Belgium’s Federal Evaluation and Control Commission for Euthanasia has lost its mandate after failing to find replacements for vacancies on its executive committee.
The Commission, set up in September 2002 to oversee the implementation of new euthanasia legislation, has an executive composed of 16 members with expertise in the area, including eight doctors (four of whom must be university professors). In addition, there are another 16 alternate members. Of the 32 total members, seven places are vacant. A spokesperson for the organization said that they were having particular difficulty finding medical academics to sit on the committee.
A spokesperson for the existing committee said it would act as an “interim government” until replacements are found.
It appears that the Commission is being strangled by diversity requirements set out in the legislation. (See Article 7 of the law). Eight must be French-speaking; eight Flemish-speaking. Each of these groups must be roughly gender-balanced and various philosophical positions must be represented.
Ethical diversity must be particularly problematic: it is unlikely that sceptics of euthanasia would ever agree to sit on a committee which rubberstamps completed cases.
But prospective members are also reluctant to take on an ever-increasing workload. According to the latest statistics, reported cases of euthanasia have increased in Belgium by 90% in three years (from 953 in 2010 to 1807 in 2013).
“They told me that there were only a few dozen dossiers a month to process. In fact, today there is an average of 200 cases, of which 80 to 90% are in Dutch, to be read and prepared before the Commission meets on each month on a Thursday at 5pm,"says Claire Nouwynck , an oncologist at the Erasmus Hospital who recently resigned.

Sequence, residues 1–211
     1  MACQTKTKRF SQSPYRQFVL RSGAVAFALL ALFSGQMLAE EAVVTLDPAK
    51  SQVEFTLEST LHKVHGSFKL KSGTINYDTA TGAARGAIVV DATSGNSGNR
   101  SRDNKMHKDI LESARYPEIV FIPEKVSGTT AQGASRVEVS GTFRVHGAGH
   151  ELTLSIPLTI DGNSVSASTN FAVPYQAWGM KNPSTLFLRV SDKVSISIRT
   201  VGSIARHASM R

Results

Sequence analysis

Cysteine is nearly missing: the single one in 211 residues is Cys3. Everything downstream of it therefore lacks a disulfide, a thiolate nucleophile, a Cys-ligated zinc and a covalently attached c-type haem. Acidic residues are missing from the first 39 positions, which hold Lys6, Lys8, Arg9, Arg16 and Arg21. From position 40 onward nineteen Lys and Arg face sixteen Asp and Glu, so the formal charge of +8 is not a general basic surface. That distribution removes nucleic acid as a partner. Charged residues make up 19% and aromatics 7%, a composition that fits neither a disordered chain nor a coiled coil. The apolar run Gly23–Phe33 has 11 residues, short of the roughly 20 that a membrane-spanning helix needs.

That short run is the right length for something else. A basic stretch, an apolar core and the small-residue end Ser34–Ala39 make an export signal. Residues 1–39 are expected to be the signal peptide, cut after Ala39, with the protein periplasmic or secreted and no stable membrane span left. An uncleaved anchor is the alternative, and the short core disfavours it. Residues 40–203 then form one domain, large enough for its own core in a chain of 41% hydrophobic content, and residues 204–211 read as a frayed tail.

It was intended that the Commission should investigate cases of euthanasia where the doctors were suspected of misconduct. In practice members are given only limited information and must vote if they are to request further details from physicians.
Since critics of Belgium’s euthanasia law in other countries, especially the Anglophone world, but even at home, constantly complain that legal medical killing is out of control, it is no small embarrassment for the grandly-named Federal Evaluation and Control Commission to be unable to control itself.
Earlier this week, the Minister for Health, Maggie De Block, gave her word in Parliament that the wheels were turning smoothly and that Belgians had nothing to fear from illegal euthanasia – even though news of the vacancies had already emerged in the press. The emollient platitudes of the minister do not inspire much confidence that anyone really knows what is going on.
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